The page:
Mass movement can be defined as the movement of weathered materials (regolith) on slope under the force of gravity.  It can also be referred to as the movement of rock materials from one place to another under influence of gravity.



These are factors that affect mass movement

  • Gradient of the slope.
  • Human activities.
  • Nature and weight of materials.
  • Pressure of the lubricating moisture.
  • Presence of vegetation.


Gradient of the slope

The gradient of the slope is one of the most important factor that affect mass movement. For example, rock material move faster in steep slopes or hilly areas than in gentle slopes.

Human Activities

    The activities of man like construction, farming, grazing, running on the slope of mountains or highlands to promote or reduce the movement of rock materials.

Nature and Weight of materials

   It is noted that the loose rock materials tend to move faster than tightly held in material i.e. the heavier the weight of the material the slower the movement.

Pressure of lubricating moisture

The pressure of lubricating moisture like rain, water, ice tends to produce, promote or increase the movement of rock materials down the slope.

Presence of vegetation

The pressure of vegetation can either increase or decrease/reduce the movement of rock materials.

                                  TYPES OF MASS MOVEMENT

There are two main types of mass movement

  1. Slow movement
  2. Fast movement

                                                  Slow movement

They are more effective in area of deep chemical weathering. There are three most important types which are

  1. Soil creep
  2. Talus creep
  • Soil flow

                 SOIL CREEP

It is a slope almost unnoticeable but continuous movement of weathered material down a slope under the influence of gravity. It operates on a gentle slope and speed of the movement will be as slow as 1cm per year. This movement is aided by water which act as a lubricant which enables rock materials to creek over each other. Alternating, melting and drying, heating and cooling of soil e. t. c. are other factor that influences soil creep.

Soil creep can be noticed when fence and trees bend towards the direction of movement of the soil in a gentle slope, electric and telegraph pole are tilted, vertical rocks layers are covered down slow leaning of tree trunks down the slope, bulging of walls and fences, soil accumulated behind walls which may collapse as a result of the soil erosion.


                 This is less pervasive than soil creep. Talus creep is the movement of angular rocks down moderately through steep slopes. Large talus sheets move in mass especially in mountains region, where frequency thawing action is frequent.



This is a slightly faster movement usually average of five cm and one meter a year on moderate slopes. It occurs on temperate and Polar Regions. During the winter the surface layer whole ground is frozen. In the summer the surface layer thaws while the ground is still frozen. The saturated top soil may now begin to move on active layer over the frozen sub-soil



      Land slide

Landslide is the most significant for of the fast movement types. This takes place when large quantities of loosened surface rocks and soil suddenly slide down a steep slope such as cliff, a valley slide or an embarkment.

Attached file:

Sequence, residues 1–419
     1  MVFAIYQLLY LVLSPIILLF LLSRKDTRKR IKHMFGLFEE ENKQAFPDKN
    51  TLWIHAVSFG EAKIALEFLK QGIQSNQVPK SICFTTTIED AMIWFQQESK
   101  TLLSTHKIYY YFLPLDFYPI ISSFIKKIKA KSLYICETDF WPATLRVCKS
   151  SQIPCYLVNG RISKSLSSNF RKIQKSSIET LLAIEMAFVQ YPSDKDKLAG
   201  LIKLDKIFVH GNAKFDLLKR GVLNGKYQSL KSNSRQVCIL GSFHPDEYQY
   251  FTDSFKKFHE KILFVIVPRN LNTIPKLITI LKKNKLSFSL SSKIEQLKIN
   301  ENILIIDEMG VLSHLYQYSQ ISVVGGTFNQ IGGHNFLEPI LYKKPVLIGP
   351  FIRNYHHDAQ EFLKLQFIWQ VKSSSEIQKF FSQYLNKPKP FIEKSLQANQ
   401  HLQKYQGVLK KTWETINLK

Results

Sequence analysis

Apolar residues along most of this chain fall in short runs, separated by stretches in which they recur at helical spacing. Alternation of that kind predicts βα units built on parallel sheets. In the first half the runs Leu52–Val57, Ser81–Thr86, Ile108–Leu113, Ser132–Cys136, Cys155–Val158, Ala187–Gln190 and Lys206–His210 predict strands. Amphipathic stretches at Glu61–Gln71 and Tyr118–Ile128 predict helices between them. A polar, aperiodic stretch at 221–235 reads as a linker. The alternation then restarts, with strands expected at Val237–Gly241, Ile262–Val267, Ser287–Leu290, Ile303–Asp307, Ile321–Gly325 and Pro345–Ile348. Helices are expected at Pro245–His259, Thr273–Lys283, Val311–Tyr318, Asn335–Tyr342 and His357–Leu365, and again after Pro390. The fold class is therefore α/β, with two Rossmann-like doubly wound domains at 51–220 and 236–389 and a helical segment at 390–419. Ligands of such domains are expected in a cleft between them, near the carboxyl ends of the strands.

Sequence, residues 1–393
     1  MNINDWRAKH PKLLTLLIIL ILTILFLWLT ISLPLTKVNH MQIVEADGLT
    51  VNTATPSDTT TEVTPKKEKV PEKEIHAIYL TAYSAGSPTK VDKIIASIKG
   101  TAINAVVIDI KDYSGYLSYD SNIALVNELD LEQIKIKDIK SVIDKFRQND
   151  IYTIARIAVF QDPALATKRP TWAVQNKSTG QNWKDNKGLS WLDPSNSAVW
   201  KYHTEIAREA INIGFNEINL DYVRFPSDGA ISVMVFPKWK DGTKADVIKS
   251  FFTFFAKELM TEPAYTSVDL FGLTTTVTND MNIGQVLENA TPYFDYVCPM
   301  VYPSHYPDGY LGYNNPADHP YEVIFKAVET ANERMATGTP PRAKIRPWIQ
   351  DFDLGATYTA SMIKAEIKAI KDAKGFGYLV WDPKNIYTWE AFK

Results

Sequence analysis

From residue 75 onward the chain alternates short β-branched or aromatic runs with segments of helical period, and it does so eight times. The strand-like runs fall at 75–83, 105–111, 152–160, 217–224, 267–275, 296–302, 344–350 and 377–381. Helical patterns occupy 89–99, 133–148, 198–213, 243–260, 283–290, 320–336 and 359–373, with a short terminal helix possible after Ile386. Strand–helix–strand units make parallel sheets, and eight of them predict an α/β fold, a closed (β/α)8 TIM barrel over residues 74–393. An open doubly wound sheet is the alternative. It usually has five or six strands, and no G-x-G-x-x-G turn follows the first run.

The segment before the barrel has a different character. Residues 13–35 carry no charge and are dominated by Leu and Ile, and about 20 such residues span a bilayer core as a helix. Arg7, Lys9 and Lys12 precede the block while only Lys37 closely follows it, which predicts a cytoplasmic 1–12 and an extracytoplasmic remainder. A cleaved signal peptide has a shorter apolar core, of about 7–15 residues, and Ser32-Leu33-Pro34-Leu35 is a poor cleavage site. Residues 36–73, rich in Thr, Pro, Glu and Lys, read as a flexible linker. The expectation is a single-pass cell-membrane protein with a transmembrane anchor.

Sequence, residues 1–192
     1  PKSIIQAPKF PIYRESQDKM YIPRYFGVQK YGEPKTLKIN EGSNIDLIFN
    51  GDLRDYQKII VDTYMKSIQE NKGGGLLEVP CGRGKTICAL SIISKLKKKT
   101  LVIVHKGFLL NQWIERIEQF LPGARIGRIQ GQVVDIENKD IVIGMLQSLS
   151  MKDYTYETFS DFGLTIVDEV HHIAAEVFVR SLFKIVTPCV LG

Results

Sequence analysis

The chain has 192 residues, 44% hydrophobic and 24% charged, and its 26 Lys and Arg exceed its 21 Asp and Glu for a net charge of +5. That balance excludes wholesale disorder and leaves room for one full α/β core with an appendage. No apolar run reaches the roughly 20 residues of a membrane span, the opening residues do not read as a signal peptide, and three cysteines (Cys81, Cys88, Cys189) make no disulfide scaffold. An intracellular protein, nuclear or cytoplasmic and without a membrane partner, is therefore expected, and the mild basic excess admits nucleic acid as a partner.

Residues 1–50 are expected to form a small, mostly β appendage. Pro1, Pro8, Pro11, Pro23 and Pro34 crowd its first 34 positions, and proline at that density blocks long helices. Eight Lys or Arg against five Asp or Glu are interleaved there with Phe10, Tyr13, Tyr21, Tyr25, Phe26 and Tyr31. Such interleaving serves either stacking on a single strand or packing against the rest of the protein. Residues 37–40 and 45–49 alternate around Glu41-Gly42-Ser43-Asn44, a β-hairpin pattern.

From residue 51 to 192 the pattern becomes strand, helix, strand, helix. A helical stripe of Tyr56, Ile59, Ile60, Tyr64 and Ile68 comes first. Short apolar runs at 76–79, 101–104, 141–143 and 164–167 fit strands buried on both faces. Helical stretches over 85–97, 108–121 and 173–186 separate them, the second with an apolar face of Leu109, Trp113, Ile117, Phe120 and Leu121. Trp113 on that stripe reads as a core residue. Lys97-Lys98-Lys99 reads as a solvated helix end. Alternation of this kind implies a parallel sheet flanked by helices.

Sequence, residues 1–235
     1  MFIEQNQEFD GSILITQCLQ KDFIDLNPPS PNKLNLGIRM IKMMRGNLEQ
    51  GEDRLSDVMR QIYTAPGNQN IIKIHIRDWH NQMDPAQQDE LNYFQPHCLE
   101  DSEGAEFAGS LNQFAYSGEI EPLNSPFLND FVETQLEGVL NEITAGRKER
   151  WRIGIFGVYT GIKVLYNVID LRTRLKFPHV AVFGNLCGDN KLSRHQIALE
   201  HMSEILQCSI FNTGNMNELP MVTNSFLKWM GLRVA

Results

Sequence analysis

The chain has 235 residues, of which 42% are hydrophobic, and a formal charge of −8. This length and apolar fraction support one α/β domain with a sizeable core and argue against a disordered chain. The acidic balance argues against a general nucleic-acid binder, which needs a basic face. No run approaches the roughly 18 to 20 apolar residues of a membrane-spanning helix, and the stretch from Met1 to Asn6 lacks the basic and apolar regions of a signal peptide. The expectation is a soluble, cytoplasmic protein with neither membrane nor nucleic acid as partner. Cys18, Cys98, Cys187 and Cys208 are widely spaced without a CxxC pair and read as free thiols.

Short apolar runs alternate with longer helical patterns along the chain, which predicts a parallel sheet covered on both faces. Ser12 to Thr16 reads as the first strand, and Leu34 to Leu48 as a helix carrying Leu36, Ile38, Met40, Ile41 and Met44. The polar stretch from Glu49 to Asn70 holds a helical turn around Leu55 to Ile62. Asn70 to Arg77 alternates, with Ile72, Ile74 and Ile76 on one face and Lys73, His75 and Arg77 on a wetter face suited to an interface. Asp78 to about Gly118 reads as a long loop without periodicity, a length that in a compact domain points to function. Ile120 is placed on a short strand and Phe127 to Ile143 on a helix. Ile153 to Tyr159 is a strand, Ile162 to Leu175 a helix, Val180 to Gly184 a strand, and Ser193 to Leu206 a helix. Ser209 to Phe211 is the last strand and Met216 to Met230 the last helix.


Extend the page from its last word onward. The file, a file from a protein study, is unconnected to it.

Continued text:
Landslide are caused by the lubricating action of water at fall of gravity. The actions that help to produce a land are the under cutting of the base of a steep slope a river or sea and human action.

Rock slide

This is the most likely to occur where rocks have bedding planes which slip towards valley. The bedding plane provide the ship surface on which the saturated overlying rock layer easily slight over the under laying stable crust. Rock slides occur in over steepened slopes e.g. scarps, wall cutting.

Rock fall

This is the most rapid of all mass movement and occurs on very steep slopes which may even be vertical the movement is spontaneous once the rock is detached. It falls vertically down slope to form talus or screen at the put of the slope. This detachment is caused by weathering agents such as freeze the action of wave pounding on sick leaves, earthquake or pressure release.

      Earth flow and mud flow

This two are also considered as rapid movement when the regolith on slopes of five degree to fifteen degree become saturated with water, it begins to flow down- hill.

Mud flow occurs in firmly steep slopes. The material is made up of semi-liquid mud at times with gravel and boulder. Large volumes of unconsolidated materials, super saturated becomes fluid begins to flow down- hill. It is common in arid and semi-arid regions.

Effects of Mass Movement

  1. It can lead to loss of farmlands.
  2. It can also result to displacement of settlement.
  1. It can lead to loss of soil fertility.


            Differences between Erosion and Mass Movement     

  1. Erosion is the gradual movement of top soil while mass movement is the movement of loose rock material down slope.
  2. Agents of erosion are running water, wind, waves and glaciers while that of mass movement entails the force of gravity.
  • Erosion involves scratching, polishing and pushing and plucking of loosed rock surfaces while mass movement involved creeping, sloping, sliding and falling.


See also





Regions of Earthquake Occurrence

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